One in five Edinburgh children in poverty

More than one in five children in Edinburgh lives in poverty, according to a new report by the Education, Children and Families Committee of the City of Edinburgh Council, with the number expected to rise “significantly” by 2020.

The report also observes a dramatic increase in reliance on food banks by Edinburgh’s families. The news comes despite average earnings in Edinburgh reaching £36,000, making the city one of the wealthiest in the UK.

Local politicians have reacted with alarm to the report’s findings, though both their policy prescriptions to tackle the crisis and the root causes they identify for it vary widely.

Cameron Stone, Conservative Councillor for Southside/Newington, attributed child poverty in Edinburgh to “entrenched worklessness”, the decay of the family unit, and dependence on drugs and alcohol.

But in remarks to The Student, Marco Biagi, SNP MSP for Edinburgh Central, said: “Like many in his party, Councillor Rose perpetuates the myth of a distinction between the ‘deserving’ and ‘undeserving’ poor.

“Edinburgh has the lowest [jobseekers’ allowance] claimant rate in Scotland, at only 1.2 per cent. In Councillor Rose’s ward, less than one in every hundred people are claiming jobseekers’ allowance.

Biagi also refuted the phenomena that Councillor Rose identified as poverty’s biggest causes. He told The Student: “The other factors he mentions are all symptoms of poverty which then make that poverty worse, rather than root causes.

“People do not choose to suffer relationship breakdown, or to get into debt. The coming cuts to tax credits by the Conservative government will hit working people on low incomes very hard, particularly single parent families.”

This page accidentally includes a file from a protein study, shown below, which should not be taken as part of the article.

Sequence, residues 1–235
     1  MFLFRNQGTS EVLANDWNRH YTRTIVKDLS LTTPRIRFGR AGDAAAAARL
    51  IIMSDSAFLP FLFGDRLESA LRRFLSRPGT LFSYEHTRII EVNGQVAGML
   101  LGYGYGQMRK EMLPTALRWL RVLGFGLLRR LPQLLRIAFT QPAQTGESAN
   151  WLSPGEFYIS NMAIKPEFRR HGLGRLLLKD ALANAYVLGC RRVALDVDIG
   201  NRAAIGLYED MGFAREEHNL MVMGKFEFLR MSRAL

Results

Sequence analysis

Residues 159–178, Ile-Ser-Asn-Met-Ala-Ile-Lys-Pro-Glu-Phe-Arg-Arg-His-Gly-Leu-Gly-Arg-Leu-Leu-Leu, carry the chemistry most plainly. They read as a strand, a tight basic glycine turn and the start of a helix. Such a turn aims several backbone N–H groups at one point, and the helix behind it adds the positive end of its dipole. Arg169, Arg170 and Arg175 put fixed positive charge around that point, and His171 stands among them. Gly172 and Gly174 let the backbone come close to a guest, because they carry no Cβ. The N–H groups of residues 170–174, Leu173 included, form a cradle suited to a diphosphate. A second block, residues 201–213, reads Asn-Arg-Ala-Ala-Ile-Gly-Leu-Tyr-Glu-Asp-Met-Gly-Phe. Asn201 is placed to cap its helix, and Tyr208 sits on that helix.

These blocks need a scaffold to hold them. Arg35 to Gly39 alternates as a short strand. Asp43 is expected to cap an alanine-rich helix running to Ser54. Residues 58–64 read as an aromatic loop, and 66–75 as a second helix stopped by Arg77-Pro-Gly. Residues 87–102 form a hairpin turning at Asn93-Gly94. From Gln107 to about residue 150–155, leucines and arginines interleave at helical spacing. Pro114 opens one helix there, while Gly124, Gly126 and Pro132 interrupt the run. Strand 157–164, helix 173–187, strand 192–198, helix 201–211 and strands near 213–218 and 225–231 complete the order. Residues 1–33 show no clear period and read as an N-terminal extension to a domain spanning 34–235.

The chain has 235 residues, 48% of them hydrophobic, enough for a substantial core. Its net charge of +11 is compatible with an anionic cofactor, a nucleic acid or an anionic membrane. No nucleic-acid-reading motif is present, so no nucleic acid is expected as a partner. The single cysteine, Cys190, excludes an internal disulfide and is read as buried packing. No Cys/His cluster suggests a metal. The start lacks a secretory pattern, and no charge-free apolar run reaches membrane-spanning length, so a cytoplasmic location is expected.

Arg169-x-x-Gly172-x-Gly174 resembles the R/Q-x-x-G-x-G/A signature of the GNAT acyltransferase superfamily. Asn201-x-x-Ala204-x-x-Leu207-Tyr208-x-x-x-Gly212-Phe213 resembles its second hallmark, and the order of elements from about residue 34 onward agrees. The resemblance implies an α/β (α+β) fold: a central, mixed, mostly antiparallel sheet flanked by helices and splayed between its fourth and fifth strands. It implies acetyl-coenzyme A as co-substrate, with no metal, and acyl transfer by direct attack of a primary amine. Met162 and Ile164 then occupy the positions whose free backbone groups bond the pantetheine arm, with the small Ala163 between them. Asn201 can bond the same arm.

According to the report by Edinburgh City Council, single parents with two children live in poverty if they earn less than £258 per week. By contrast, single people must earn under £125 per week to fall below the poverty line. 22 per cent of Edinburgh households and 50,000 families meet the report’s definition of poverty.

Further, 6,216 people in Edinburgh and the Lothians now rely on food banks for their meals, according to a study by the Trussel Trust.

Asked is he believed that skyrocketing food bank use was symptomatic of a failing welfare state, Marco Biagi MSP told The Student: “Yes. In Scotland food bank use is now twenty times greater than in 2010.

“As a result of George Osborne’s hollow recovery food banks are now Britain’s fastest growing industry.”

“Accidents, long term illness, disability, the death of relatives, redundancy and other serious life-changing events can happen to anyone, no matter how “hard working” they are.

“The welfare state should be there to provide a safety net for these situations, but that has been eroded to the point where thousands of families in Scotland routinely rely on charity to eat.”

Image: Astrid Westvang

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